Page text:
I’m currently working on Week 4’s Assignment #2. I am having an issue with exercise #6, the train_step function. I am receiving an error stating that the value of J is a really negative number. I suspect I may have an issue with another function, but I am too sure as all other functions were checked successfully. Here is the error I am receiving:

I got the same issue. It seems that it is, as you said, related to type conversions.
In my case it was in one of the previously implemented functions which is UNQ_C3 (compute_layer_style_cost function). There I used tf.square to square my numbers which produces a tensor variable and not a plain data type. This affects the result type of the equation that it is part of. I replaced the usage of tf.square with the plane x**2 operation and my error was fixed.

This is what I mean:

if n_C is 3 then

n_C ** 2 will be: 9

tf.square(n_C) will be: tf.Tensor(9, shape=(), dtype=int32)

Hi. so I have the same issue: I did what you suggested, I think, but still not fixed:
This is my UNQ_C1 and UNQ_C2. They both pass their own tests, but at UNQ_C5 I get the same error as OP mentioned.

Hi, I had this issue and the discussion here was very helpful for fixing it. Do any of you feel you understand what is happening here?

I’m thinking it’s behaving as if using tf.square(n_C) causes a trainable variable to be created, after which everything goes haywire. But that would be a weird thing for TF to do, and I’ve not been able to reproduce the problem in a simple standalone example.

I have the same issue and I still didn’t realize where is my error !!
I used all tensor flow functions for calculations ex. tf.square, …
any suggestions ?

I faced the same error. There were few different comments about type of values that should be there, I used them, but it didn’t help me. So, if someone will be struggling with this, I’d like to recommend do the same as me:

Use only suggested in exercise tf.functions, for the rest use python operators (+, -, *, etc.).

There are specified dtype for output values in UNQ_C5 - I think it could be treated as some advice, i.e. your graded functions that is used in UNQ_C5 should return tf.float32 dtype for output values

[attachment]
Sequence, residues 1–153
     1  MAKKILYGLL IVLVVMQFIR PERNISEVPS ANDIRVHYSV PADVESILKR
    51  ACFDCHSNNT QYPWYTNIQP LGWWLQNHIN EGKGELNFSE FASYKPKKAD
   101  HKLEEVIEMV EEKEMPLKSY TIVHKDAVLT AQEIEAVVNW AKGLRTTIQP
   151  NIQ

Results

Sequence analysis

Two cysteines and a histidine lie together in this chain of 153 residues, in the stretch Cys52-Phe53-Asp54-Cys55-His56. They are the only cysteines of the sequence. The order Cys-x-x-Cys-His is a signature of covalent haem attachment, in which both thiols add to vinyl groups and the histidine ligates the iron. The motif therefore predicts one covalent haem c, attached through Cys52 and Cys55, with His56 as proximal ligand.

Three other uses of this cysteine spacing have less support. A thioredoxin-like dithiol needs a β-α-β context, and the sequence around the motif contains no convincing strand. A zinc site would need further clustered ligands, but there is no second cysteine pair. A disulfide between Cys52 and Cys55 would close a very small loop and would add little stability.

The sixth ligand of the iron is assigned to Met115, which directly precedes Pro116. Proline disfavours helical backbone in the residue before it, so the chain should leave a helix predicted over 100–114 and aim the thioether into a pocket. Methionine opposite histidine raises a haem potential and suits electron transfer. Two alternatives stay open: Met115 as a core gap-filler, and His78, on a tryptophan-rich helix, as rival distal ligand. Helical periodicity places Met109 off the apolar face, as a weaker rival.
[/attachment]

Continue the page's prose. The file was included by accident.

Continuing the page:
Taking into account these points helped me to pass tests, hope it will help someone else

What I noticed was that you have to re-run all cells from UNQ_C1 after each time you run UNQ-C5, then the error does not occur. And I’m using all tf functions including the function ‘tf.math.squared_difference’ which is handy but not one of the recommended functions. I passed all local tests and 100% on the submission.

I think this is the correct issue. The seed() command appears earlier and re-evaluating some cells makes the changes the internal state of the random number generator.

The real problem with getting negative cost values is that mixing integer and float types in TF/Keras has different type coercion rules than it does in python. Here’s a thread which gives details and examples.

I got the negative result from C4W4A2 exercise6. I take care of the type conversion and use the recommended function tf.substract, tf.square and tf_reduce_sum. I also reset the kernel before running EX6. but I am still getting the negative result. Here is the pointer to my area

I am stuck and appreciated if someone can help. I see these error.

I solved this problem by rewrite the following line
From J_style_layer = tf.reduce_sum(tf.square(tf.subtract(GG, GS))) * (1.0 / tf.cast((4 * tf.square(n_H*n_W*n_C)), dtype = 'float32'))

To J_style_layer = tf.cast((1.0/(4*(n_H*n_W*n_C)**2)), tf.float32) * tf.reduce_sum(tf.square(tf.subtract(GS,GG)))

I’m glad to hear that you found a solution. Not sure if you found this thread in your searches, but it’s my best attempt to document what works and what doesn’t.

Thank you for the reply. I read your document. In my case, I thought that tf.square should be used and it caused me problem. Once I replaced tf.square with **, it worked well.

Interesting. It’s good to hear that you got to a solution. My only concern is that I honestly don’t see how the change you show could account for a difference in behavior. Both the inputs are integers. Why does it matter whether you do the “cast” before or after the multiply? My theory is that something else changed at the same time that actually accounts for the difference.

Did you read my example thread (linked several times earlier on this thread) where I showed some of the possible ways to get errors here?